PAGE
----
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Airline Suspends Travel Because Passengers Didn’t Comply with Coronavirus Rules

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Rene’s Points For Better Travel, a division of Chatterbox Entertainment, Inc. has partnered with CardRatings for our coverage of credit card products. Rene’s Points For Better Travel and CardRatings may receive a commission from card issuers. Opinions, reviews, analyses & recommendations are the author’s alone, and have not been reviewed, endorsed or approved by any of these entities. As an Amazon Associate I earn from qualifying purchases.


I really hope this doesn’t become a trend.

Indonesia carrier Lion Air is suspending all flights as of tomorrow because passengers reportedly “were either unable or unwilling to follow regulations to prevent the spread of the coronavirus.”

This leads to me wonder if we’ll see crackdowns or further suspensions elsewhere if people have difficulty following the rules.

Let’s look at the Lion Air situation.

The Primer on Lion Air

It’s been a tough couple of years for Lion Air. One of its 737 MAX 8s crashed on October 29, 2018, killing everyone on board.

Earlier this year, the airline suspended its domestic air service because of the COVID-19 pandemic. The Bangkok Post noted, “Indonesia banned air travel from April 24 to try to limit the spread of coronavirus through the archipelago, where confirmed infections are now approaching 28,000 cases. Some exceptions have been made for essential travel for certain businesses and for family emergencies, and after passengers pass tests to show they aren’t infected with the disease.”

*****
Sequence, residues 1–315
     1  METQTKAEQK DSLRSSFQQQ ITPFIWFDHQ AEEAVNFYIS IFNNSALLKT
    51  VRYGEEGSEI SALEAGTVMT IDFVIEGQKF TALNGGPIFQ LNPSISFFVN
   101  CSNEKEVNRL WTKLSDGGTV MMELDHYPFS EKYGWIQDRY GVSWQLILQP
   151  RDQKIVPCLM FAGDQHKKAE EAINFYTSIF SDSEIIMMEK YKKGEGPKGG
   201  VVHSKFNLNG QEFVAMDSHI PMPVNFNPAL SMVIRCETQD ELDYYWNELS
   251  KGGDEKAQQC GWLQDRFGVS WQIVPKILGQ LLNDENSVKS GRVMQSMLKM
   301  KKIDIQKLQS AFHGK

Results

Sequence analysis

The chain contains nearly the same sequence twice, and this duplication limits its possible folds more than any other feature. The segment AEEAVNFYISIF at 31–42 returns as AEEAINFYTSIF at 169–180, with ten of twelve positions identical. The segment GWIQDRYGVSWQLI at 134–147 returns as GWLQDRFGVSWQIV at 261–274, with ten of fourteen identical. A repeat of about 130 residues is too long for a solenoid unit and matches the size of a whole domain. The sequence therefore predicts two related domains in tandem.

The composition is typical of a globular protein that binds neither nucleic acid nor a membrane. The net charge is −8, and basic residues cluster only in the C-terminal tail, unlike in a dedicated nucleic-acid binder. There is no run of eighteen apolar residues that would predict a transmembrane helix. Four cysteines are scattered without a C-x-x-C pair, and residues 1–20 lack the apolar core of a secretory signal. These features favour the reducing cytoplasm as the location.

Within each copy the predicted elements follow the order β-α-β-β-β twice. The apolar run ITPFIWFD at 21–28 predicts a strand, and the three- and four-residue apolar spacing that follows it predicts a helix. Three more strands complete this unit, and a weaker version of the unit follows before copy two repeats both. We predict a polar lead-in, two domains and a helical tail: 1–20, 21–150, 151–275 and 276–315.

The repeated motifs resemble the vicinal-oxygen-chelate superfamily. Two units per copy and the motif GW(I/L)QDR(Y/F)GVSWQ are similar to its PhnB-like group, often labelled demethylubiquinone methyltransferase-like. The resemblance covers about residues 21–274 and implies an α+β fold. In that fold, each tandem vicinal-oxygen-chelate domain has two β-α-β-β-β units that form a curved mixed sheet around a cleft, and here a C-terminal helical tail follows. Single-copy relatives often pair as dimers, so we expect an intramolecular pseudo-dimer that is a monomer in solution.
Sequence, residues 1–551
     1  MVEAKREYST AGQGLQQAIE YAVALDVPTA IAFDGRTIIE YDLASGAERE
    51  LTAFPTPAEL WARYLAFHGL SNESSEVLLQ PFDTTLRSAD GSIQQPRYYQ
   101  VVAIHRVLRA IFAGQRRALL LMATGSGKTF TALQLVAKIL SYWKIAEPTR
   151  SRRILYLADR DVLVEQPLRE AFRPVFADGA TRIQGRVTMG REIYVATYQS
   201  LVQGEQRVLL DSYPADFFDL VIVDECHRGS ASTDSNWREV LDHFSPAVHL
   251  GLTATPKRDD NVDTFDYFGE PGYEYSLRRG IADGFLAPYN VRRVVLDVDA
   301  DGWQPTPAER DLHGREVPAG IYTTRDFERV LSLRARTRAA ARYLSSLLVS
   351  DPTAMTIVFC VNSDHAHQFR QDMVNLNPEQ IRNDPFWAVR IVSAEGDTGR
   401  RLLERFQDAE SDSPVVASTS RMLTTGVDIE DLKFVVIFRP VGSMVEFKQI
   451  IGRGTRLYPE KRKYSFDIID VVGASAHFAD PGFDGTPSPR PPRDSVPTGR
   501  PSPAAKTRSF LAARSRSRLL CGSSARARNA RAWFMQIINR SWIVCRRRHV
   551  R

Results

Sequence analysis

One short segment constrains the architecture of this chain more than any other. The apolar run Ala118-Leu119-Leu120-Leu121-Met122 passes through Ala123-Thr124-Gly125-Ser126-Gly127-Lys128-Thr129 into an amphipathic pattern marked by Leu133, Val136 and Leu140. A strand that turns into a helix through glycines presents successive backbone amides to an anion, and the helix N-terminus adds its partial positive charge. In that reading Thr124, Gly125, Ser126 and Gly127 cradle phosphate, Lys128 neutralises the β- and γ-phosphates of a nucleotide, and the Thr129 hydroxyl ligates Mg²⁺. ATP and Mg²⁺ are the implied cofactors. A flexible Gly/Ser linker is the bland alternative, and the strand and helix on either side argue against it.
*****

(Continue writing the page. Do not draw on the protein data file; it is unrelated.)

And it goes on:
Just after flights resumed, though, Lion announced this week it’s suspending all its flights until further notice.

In a press release posted its website, the airline said, “Lion Air Group’s decision with consideration of the evaluation of each previous flight operational implementation, that many prospective passengers are unable to carry out air travel due to lack of completeness of the documents as required by the terms and conditions set during…COVID-19.”

Lion Air mandated that its passengers (bold theirs):

    1. Arrive early at the departure terminal which is four hours before departure,

    2. Showing documents or completeness files, including

      1. Valid flight ticket,
      2. Official and valid personal identification (National Identity Card or other identification),
      3. Covid-19 free certificate or certificate , travel certificate and other documents that must be fulfilled according to Circular Number 5 of 2020,
      4. Results Rapid Test Negative Covid-19 maximum effective 3 days after it is issued; or
        • Results Reverse Transcription – Polymerase Chain Reaction (RT-PCR) negative Covid-19 apply a maximum of 7 days from the issued by health facilities; or
        • Symptom-free certificate such as influenza for areas that do not have RT-PCR or Rapid Test facilities.
      5. Fill out an electronic health alert card (e-HAC) before leaving. Further information can be accessed through the e-HAC Indonesia application (Android) or http://sinkarkes.kemkes.go.id/ehac  .
      6. In order to pay attention to the Regulations issued by the Regional Government, regarding the specific requirements of the final destination:
        • DKI Jakarta, DKI Governor Regulation (Pergub) Number 47 Year 2020 concerning Entry and Exit License (SIKM)
        • Denpasar, Bali, The Governor of Bali’s letter was responded to by the Minister of Transportation through the Directorate General of Civil Aviation who issued a letter numbered: UM.101 / 0002 / DRJU.KSHIU 2020 dated May 20, 2020 which was also addressed to the Regional Airport Authority Office IV. Director General of Civil Aviation Letter
        • Pangkalpinang and Tanjung Pandan, Bangka Belitung Islands,Circular of the Governor of the Bangka Belitung Islands Number 440/0441 / BPBD / 2020 concerning the Passenger protocol and quarantine in the Bangka Belitung Islands Province.
    3. Wearing a mask before the flight, while on the plane until it lands and exits the airport,